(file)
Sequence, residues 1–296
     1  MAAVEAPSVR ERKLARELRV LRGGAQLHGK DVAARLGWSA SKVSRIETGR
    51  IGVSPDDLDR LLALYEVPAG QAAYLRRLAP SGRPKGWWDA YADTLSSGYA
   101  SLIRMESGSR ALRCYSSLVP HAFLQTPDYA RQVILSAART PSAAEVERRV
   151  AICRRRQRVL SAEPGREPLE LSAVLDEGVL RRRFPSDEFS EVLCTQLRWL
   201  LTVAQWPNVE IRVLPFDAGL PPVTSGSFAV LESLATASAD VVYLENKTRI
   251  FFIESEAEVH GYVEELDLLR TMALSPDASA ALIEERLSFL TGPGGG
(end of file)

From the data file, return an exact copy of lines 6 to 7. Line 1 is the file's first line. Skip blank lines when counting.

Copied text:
   201  LTVAQWPNVE IRVLPFDAGL PPVTSGSFAV LESLATASAD VVYLENKTRI
   251  FFIESEAEVH GYVEELDLLR TMALSPDASA ALIEERLSFL TGPGGG